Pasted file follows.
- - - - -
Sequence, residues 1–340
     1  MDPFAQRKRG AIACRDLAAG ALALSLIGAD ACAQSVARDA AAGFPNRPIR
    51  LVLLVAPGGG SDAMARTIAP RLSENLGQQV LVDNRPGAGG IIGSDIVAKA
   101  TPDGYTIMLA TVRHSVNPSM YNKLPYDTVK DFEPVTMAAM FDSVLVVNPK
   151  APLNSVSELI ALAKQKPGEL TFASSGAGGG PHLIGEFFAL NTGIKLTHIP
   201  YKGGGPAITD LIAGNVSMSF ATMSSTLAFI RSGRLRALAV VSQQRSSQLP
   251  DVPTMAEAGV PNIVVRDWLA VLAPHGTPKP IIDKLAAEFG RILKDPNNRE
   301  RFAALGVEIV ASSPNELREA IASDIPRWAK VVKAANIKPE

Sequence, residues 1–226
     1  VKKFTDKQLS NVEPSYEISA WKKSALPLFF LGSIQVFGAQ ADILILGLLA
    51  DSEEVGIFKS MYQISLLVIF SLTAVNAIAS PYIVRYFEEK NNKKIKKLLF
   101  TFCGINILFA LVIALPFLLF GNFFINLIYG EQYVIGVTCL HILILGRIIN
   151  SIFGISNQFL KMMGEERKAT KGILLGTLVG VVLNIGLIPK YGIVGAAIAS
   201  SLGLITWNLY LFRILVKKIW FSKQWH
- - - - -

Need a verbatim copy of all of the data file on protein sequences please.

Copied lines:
Sequence, residues 1–340
     1  MDPFAQRKRG AIACRDLAAG ALALSLIGAD ACAQSVARDA AAGFPNRPIR
    51  LVLLVAPGGG SDAMARTIAP RLSENLGQQV LVDNRPGAGG IIGSDIVAKA
   101  TPDGYTIMLA TVRHSVNPSM YNKLPYDTVK DFEPVTMAAM FDSVLVVNPK
   151  APLNSVSELI ALAKQKPGEL TFASSGAGGG PHLIGEFFAL NTGIKLTHIP
   201  YKGGGPAITD LIAGNVSMSF ATMSSTLAFI RSGRLRALAV VSQQRSSQLP
   251  DVPTMAEAGV PNIVVRDWLA VLAPHGTPKP IIDKLAAEFG RILKDPNNRE
   301  RFAALGVEIV ASSPNELREA IASDIPRWAK VVKAANIKPE

Sequence, residues 1–226
     1  VKKFTDKQLS NVEPSYEISA WKKSALPLFF LGSIQVFGAQ ADILILGLLA
    51  DSEEVGIFKS MYQISLLVIF SLTAVNAIAS PYIVRYFEEK NNKKIKKLLF
   101  TFCGINILFA LVIALPFLLF GNFFINLIYG EQYVIGVTCL HILILGRIIN
   151  SIFGISNQFL KMMGEERKAT KGILLGTLVG VVLNIGLIPK YGIVGAAIAS
   201  SLGLITWNLY LFRILVKKIW FSKQWH